Her path went through Tailem Bend
And of course, Bertha doesn’t waste daylight by stopping too early. Another sunset photo with the sun setting over her bike.
Sometimes, the thank you for visiting signs are more picturesque than the arrival signs.
Others have beautiful Welcome signs.
Some have very plain signs, along with their names being plain also.
It seems that on the WA – SA border, they have Border Village. On the South Australia – Victoria border, they have Bordertown. It seems that the bike didn’t want to stay standing here.
Bordertown was a small and picturesque town.
Bertha proceeded on towards Kaniva and Nhill (pronounced Nil).
leaving South Australia
and entering Victoria
She found an ENORMOUS Koala
Ararat has a very beautiful Town Hall
before continuing on to Ballarat, a famous town from Australia’s gold rush.
before arriving at Geelong
and crossing this bridge she arrived in Melbourne.
Berth managed to find someone to take a photo of her before she left Port Adelaide.
While in Adelaide, Bertha took all opportunities to try to obtain interviews and left brochures at a number of media locations.
3D Radio gave Bertha an interview
And Bertha also had an interview on Channel 7 in Adelaide, which was filmed here:
Leaving Port Augusta, Bertha headed down the highway to Port Germein and then Port Pirie.
At Port Pirie, Bertha had an excellent interview on the local radio station.
Then Bertha continued her journey.
Finally, we see some variation in the Rest Stop signs.
Was she avoiding Snowtown? No, but she was heading for a much more picturesque trip through the Clare Valley. But first, she had to watch out for the Bunyips.
Following the signs to Adelaide, Bertha continues on.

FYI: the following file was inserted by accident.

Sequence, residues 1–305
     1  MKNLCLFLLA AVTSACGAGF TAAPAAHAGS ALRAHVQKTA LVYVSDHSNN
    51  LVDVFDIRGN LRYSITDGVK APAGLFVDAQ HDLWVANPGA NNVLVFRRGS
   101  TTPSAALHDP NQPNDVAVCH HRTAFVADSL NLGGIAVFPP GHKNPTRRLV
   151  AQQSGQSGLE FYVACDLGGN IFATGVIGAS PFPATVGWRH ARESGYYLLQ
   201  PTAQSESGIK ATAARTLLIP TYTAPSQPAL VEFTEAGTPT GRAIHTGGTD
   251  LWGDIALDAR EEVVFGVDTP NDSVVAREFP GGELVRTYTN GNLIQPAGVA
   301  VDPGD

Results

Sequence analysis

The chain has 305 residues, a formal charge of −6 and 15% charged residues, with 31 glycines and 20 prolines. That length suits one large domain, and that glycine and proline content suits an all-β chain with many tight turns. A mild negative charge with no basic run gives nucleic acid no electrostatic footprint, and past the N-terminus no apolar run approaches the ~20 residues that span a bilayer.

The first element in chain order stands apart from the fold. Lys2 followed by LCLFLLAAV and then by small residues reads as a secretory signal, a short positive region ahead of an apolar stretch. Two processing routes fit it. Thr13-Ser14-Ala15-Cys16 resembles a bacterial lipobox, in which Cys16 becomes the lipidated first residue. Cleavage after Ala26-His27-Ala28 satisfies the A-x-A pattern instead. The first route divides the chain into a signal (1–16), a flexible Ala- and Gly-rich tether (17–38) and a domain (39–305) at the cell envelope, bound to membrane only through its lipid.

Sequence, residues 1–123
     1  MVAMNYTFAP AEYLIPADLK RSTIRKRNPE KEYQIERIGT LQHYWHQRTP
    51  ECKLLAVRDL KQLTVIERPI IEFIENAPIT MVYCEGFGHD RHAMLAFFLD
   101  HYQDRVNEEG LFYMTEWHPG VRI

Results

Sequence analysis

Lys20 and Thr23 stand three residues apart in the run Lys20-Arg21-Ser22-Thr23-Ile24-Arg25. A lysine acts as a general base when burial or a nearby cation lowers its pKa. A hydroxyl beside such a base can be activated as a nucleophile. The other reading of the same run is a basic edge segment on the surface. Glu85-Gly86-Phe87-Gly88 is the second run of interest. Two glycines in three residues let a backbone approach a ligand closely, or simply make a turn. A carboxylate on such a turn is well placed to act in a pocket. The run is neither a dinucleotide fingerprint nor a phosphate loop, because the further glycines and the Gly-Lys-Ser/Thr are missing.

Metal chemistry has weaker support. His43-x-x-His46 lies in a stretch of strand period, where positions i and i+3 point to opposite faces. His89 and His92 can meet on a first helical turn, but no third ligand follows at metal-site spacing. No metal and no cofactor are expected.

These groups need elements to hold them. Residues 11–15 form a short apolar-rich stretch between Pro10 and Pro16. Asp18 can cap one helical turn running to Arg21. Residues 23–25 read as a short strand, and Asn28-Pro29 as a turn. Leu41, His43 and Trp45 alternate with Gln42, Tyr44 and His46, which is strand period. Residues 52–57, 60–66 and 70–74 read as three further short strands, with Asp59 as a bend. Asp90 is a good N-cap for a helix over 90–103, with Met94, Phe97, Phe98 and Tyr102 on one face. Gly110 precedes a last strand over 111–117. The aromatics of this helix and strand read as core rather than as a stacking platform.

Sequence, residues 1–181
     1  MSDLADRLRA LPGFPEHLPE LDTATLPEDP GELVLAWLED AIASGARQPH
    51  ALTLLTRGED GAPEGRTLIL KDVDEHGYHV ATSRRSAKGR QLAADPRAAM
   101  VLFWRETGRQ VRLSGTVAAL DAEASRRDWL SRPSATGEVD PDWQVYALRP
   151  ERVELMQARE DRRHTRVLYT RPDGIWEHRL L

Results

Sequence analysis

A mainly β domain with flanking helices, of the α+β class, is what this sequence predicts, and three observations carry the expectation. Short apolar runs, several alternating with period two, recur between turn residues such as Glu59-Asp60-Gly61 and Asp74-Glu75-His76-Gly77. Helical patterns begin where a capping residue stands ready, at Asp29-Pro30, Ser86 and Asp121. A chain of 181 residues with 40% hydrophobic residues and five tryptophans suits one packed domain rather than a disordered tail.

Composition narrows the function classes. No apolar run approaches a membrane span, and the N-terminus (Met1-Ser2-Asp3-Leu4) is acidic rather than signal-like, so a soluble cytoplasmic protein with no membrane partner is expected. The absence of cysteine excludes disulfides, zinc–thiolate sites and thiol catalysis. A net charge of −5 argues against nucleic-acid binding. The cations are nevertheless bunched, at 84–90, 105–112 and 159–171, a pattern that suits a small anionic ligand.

Still enjoying the beauty of Australia, Bertha sees wattle in full bloom.
And she also notices vineyards covering the hills.
And a Winery.
So, she continues on her way, via Auburn.
Rhynie is next along the way.
Followed by Tarlee
Then Bertha heads for Gawler and Adelaide.
Bertha likes anything that helps with cyclist safety, though she dislikes bike lanes that end suddenly.
So, she REALLY liked a CYCLEWAY that allowed her to ride most of the last 50 km to Adelaide without venturing onto the highway.
After leaving brochures at Ceduna Visitor Centre, Bertha continued to cycle towards Port Augusta.
Heading out along the Eyre Highway, Bertha’s first goal was Wirrula, 92 km from here.
With 60 km to go to Wirrulla, it looks as though the road surface is way worse than we see elsewhere. The second-hand mountain bike tyre from before Esperance helped a lot in these conditions.
Bertha has noticed extraordinary areas of different grain under cultivation and here she has taken a photo of a Focus Paddock, probably a research planting.
Wirrulla now 53 km away. A wide, flat plain.
Wirrulla 23 km. It’s difficult for an Australian to comprehend what drives her on.
Wirrulla 5 and it doesn’t hurt to remind every driver of the value of “Stop, Revive – Survive”, as Bertha has noticed coming into every town out here.
I think we might have blinked and missed it.
Next goal is Minnipa.
Next stop Wudinna.
So now Bertha proceeds to Kyancutta.
To continue, Bertha must turn left for Port Augusta and Adelaide. Then head for Kimba.
And finally, Bertha manages to find someone to take her photo.
Mine waste heaps near Iron Knob
Turn left to Alice Springs? Not on this trip.
And we’ll finish this stage of the trip with another photo of Bertha.